"Diversity in the Student Body" is a print-on-demand booklet focusing on demographic and legal issues and the strategies used by different institutions to diversify their campuses.
A copy of the the free booklet may be downloaded here.
And you may sign up here for a free webinar on the booklet's themes, to be held Tuesday, June 30, at 2 p.m. Eastern.
The booklet was made possible in part by the financial support of Pearson.
When parents, teachers, lawmakers and communities debate over which part of the American education system should receive the most scrutiny or support, adult education, specifically General Educational Development (GED), is rarely in contention. Conceptually adult education programs serve those who depart school without diplomas and are now seeking a credential to access the workforce or postsecondary opportunities.
Over the past couple of years the censoring of self-expression has been a hot topic on many campuses. Recently the media washed ashore a new wave of controversy concerning Hampton University’s business school policy that restricts MBA students from wearing their hair in locs (or what is more commonly referred to as “Dread-locs”). This comes on the heels of the brouhaha that developed following the implementation of a written dress code policy at Morehouse College.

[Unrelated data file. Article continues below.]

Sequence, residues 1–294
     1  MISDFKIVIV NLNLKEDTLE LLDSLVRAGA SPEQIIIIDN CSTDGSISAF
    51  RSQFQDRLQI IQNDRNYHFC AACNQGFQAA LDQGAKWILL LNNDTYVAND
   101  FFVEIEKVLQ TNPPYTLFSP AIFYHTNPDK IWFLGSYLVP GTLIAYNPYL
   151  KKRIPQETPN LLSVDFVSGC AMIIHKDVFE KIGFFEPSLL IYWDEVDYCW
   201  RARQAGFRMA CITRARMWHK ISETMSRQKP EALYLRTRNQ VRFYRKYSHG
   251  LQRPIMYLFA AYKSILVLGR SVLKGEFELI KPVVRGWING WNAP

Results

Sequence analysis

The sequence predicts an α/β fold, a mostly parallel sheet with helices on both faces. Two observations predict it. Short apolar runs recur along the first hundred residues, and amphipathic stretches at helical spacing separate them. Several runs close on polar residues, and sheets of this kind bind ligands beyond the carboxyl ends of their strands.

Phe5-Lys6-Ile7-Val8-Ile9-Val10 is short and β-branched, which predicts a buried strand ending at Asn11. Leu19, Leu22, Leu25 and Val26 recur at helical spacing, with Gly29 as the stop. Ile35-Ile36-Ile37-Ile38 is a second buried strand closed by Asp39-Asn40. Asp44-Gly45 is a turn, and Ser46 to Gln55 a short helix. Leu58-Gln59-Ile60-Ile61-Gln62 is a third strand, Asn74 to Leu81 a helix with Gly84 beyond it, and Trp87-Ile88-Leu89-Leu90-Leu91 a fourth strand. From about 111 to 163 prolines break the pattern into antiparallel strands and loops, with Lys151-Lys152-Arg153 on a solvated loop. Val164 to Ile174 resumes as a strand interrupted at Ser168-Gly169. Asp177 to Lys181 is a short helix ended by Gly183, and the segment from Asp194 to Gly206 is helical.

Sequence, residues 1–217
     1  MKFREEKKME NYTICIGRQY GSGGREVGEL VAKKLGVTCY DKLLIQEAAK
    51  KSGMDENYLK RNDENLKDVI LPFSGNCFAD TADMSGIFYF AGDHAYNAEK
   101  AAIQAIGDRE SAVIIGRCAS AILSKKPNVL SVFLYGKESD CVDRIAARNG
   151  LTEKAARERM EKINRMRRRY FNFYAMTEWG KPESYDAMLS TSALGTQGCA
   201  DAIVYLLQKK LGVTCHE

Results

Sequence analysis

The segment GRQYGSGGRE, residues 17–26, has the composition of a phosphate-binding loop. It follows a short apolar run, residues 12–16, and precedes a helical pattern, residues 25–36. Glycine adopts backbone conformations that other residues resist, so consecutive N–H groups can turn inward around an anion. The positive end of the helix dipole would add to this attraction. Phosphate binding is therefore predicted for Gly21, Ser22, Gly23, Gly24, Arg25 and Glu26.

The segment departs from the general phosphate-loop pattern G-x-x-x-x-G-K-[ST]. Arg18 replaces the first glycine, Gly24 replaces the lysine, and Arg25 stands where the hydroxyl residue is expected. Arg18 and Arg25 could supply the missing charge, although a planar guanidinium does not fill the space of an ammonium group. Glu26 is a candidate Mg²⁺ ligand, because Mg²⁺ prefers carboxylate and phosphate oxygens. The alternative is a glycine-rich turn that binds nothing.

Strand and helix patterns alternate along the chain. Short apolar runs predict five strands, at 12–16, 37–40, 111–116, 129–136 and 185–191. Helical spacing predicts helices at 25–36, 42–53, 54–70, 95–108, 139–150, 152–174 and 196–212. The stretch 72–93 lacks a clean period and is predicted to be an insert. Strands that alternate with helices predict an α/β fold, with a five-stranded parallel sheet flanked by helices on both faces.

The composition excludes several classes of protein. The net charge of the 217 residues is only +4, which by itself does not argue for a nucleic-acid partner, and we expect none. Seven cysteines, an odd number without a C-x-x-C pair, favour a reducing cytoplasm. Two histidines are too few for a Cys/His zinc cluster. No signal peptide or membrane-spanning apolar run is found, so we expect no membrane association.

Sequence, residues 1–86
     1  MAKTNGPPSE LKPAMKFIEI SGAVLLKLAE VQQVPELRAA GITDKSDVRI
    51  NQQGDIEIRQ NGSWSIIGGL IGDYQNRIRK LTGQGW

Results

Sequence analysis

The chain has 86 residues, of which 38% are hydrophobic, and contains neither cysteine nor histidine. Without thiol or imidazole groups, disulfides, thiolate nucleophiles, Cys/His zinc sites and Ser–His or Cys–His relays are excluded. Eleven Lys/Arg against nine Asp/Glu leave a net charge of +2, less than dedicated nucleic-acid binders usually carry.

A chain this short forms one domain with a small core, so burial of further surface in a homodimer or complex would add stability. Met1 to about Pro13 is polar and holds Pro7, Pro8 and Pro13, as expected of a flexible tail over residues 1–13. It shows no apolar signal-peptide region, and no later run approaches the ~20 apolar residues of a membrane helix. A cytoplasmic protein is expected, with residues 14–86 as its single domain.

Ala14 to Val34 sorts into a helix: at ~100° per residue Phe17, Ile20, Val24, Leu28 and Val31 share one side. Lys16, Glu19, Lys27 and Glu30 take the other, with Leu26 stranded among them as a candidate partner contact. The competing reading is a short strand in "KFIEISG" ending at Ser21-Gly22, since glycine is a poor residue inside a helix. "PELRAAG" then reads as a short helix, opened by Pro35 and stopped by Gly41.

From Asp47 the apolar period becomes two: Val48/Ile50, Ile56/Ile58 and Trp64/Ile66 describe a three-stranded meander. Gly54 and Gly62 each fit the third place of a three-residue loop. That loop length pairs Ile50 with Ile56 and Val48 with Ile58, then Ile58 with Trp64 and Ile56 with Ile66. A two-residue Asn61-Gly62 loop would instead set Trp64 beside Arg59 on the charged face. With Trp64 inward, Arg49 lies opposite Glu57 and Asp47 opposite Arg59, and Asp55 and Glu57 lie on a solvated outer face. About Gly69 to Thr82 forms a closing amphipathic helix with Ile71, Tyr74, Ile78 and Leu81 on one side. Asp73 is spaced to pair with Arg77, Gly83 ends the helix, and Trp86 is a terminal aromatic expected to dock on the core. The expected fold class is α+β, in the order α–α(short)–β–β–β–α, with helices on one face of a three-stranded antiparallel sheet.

In recent years the higher education community has focused more on the role institutions’ play in student success. For a long time the blame for failure has been laid squarely at the feet of students. If a student dropped out of college it was assumed that they were unmotivated, under-prepared, or lacked the aptitude required to be a college graduate. The fact that dropouts were admitted meant that they somehow fell through an admissions crack undetected.
Several professors recently have come under fire for communications with students they intended to remain private. But little is private in the Internet age, experts say.
State lawyer defending ban on affirmative action suggests U. of Michigan end preference for alumni children -- and Justice Sotomayor objects.
Several justices question the logic of overturning Michigan's ban on the consideration of race in admissions.
Many professors are outraged over an e-mail sent to an academic blogger and over the way Scientific American removed her post describing what happened.
Federal judge finds that system of "duplicative" academic programs at Maryland's public colleges perpetuates segregation and hurts black institutions.
Latino students need colleges and states to focus on completion as well as access, and to reform remedial education, Colorado's lieutenant governor tells fellow educators.
New study documents that there are groups of black and Latino males in urban high schools who are poised for college success, and who generally don't know their college options.
Recent sanctions by colleges against faculty members have some calling for renewed discussion of when a professor should and shouldn't be removed from duty.
Some faculty members are outraged that science education magazine published letter of anti-gay rhetoric.
Segregation in sororities is neither a surprise nor unique to Alabama, experts on the Greek system say.
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